Expo 2020: Syrian Pavilion

Syrian student Matab Mashta previews her home country’s pavilion at Expo 2020.

When Expo 2020 first started, I wondered how I would be able to visit the countless pavilions. Then, I learned the good news that NYU Abu Dhabi students are given a seasonal pass that allows us to visit Expo 2020 any time we want. The pass is helpful in giving us the flexibility to schedule multiple Expo visits to fit our demanding college schedules. 

In addition to the seasonal pass, there were scheduled school trips where transportation was provided from campus to Expo grounds. I signed up for my first Expo trip and visited my home country’s pavilion — Syria.

Syria Pavilion: Meaningful Experiences & Uniqueness 

Entering the pavilion, I was not sure what to expect due to my country’s economical and political instability. But I was very wrong. 

Inside the pavilion, you will see a huge wall with lots of Arabic words and their translations in different languages.

A glimpse into the Syrian pavilion at Expo 2020.

Here, you can also get a glimpse of a delicate rock that contains one of humanity’s first alphabets, Ugarit. 

The Syrian guides in the pavilion will enthusiastically tell you about the music room of the pavilion. As you walk on, the music gets louder and varied paintings by Syrian artists begin to reveal themselves. Some of these paintings had beautiful blends of colors and others touched on the subject of identity. They inspire a range of emotions in the hearts of many Syrians, and others who struggle with being from a place that has changed so much.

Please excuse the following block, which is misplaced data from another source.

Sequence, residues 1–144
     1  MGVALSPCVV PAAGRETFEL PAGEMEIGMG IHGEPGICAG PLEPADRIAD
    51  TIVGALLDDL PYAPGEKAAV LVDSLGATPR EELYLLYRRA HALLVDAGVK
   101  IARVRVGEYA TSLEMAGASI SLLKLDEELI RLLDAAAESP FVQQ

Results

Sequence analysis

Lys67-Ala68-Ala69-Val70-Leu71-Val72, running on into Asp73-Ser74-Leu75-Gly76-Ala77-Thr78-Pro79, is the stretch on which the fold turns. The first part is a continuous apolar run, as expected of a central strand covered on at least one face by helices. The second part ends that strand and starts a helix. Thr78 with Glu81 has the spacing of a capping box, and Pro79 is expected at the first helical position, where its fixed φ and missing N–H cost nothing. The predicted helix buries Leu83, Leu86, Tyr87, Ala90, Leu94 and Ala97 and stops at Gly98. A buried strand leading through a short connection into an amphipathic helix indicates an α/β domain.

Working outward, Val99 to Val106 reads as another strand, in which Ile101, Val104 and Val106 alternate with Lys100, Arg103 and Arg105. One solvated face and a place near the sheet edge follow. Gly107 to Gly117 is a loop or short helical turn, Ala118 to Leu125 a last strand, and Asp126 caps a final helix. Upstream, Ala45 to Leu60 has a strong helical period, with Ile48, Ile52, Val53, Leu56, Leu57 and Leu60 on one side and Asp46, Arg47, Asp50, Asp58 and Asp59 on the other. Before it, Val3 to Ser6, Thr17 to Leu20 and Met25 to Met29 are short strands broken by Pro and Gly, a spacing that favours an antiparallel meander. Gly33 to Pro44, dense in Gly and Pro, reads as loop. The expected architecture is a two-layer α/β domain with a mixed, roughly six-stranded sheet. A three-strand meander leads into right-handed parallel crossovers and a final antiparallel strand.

The pinnacle of the experience however is deeper in the pavilion. As you progress from the art room, you enter another covered with diverse wooden slabs painted by Syrians who had left home, but came together again from around the world to contribute to the Syrian Expo pavilion. 

Each wooden tablet was unique. One had a famous quote, one had hand-crafted art, and others were painted. 

Diverse wooden slabs painted by Syrians who had left home being shown in the Syrian Pavilion at Expo 2020.

It was very meaningful to be in that room because it felt like all these Syrian contributors were there with me in person. It also made me reflect on those who left the country and have not been able to be reunited with their loved ones since.

A little about me:

Matab Mashta, NYU Abu Dhabi Class of 2025.

My name is Matab Mashta, but you can call me Tubi. I’m a first year student at NYUAD. I will be NYUAD's first cohort to graduate from the new major, Business, Organizations and Society.

I have been on campus for three months. On some days, you won’t see me because I will be in my room studying. On other days, I will have breakfast with friends, hang out with another friend group, and then chat with a random person in a marketplace or library cafe. I love listening to people talk about the things that make their eyes sparkle. If you want to see my sparkly eyes, ask me about alternative rock and punk music, what I ate, or theories about how life works. Or really we can just debate if bitter coffee tastes good or not.